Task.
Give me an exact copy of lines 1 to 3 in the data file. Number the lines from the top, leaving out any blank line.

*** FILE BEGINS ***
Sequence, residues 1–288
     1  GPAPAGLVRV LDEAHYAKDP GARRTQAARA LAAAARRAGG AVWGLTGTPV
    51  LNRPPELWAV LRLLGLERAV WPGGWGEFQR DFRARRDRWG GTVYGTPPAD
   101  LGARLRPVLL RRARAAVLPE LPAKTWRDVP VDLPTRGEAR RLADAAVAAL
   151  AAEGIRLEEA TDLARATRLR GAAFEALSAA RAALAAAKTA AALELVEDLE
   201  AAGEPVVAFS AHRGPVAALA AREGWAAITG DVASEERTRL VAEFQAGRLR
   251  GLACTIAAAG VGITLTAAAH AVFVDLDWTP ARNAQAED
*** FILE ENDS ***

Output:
Sequence, residues 1–288
     1  GPAPAGLVRV LDEAHYAKDP GARRTQAARA LAAAARRAGG AVWGLTGTPV
    51  LNRPPELWAV LRLLGLERAV WPGGWGEFQR DFRARRDRWG GTVYGTPPAD